Diabetes, antidiabetic medications and pancreatic cancer risk: an analysis from the international pancreatic cancer case-control consortium.
Ann Oncol. 2014 Jul 23. Epub 2014 Jul 23. PMID: 25057164
BACKGROUND: Type 2 diabetes mellitus has been associated with an excess risk of pancreatic cancer, but the magnitude of the risk and the time-risk relationship are unclear, and there is limited information on the role of antidiabetic medications.
PATIENTS AND METHODS: We analyzed individual-level data from 15 case-control studies within the Pancreatic Cancer Case-Control Consortium, including 8305 cases and 13,987 controls. Pooled odds ratios (ORs) were estimated from multiple logistic regression models, adjusted for relevant covariates RESULTS: Overall, 1155 (15%) cases and 1087 (8%) controls reported a diagnosis of diabetes two or more years before cancer diagnosis (or interview, for controls), corresponding to an odds ratio (OR) of 1.90 (95% confidence interval, CI, 1.72-2.09). Consistent risk estimates were observed across strata of selected covariates, including body mass index and tobacco smoking. Pancreatic cancer risk decreased with duration of diabetes, but a significant excess risk was still evident 20 or more years after diabetes diagnosis (OR 1.30 95% CI 1.17-2.03). Among diabetics, long duration of oral antidiabetic use was associated with a decreased pancreatic cancer risk (OR 0.31, 95% CI 0.14-0.69, for≥15 years). Conversely, insulin use was associated with pancreatic cancer risk in the short-term (OR 5.60, 95% CI 3.75-8.35 for<5 years) but not for longer duration of use (OR 0.95, 95% CI 0.53-1.70, for≥15 years).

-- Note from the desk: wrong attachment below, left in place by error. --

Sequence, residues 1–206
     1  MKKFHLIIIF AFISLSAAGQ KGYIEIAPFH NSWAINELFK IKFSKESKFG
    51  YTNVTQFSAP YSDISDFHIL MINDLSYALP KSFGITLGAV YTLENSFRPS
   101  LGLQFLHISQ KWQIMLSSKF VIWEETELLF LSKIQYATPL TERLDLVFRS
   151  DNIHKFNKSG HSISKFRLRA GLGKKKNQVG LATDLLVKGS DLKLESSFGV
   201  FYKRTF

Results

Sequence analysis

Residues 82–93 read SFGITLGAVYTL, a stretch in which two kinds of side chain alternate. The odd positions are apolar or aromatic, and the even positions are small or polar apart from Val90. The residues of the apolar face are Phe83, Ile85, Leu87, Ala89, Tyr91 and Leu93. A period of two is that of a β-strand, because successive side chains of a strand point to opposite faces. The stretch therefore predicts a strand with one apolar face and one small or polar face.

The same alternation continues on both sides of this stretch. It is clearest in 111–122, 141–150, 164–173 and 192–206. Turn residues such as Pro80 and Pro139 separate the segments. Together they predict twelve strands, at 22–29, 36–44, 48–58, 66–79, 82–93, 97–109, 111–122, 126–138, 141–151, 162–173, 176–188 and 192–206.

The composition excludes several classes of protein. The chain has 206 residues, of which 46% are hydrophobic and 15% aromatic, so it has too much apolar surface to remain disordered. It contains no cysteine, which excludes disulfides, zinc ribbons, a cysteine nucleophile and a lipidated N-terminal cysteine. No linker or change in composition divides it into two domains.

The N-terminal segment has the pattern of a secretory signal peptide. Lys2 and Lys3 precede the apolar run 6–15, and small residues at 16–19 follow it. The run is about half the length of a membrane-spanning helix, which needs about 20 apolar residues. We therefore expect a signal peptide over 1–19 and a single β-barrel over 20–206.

CONCLUSION: This study provides the most definitive quantification to date of an excess risk of pancreatic cancer among diabetics. It also shows a 30% excess risk persists for more than two decades after diabetes diagnosis, thus supporting a causal role of diabetes in pancreatic cancer. Oral antidiabetics may decrease risk of pancreatic cancer risk, whereas insulin showed an inconsistent duration-risk relationship.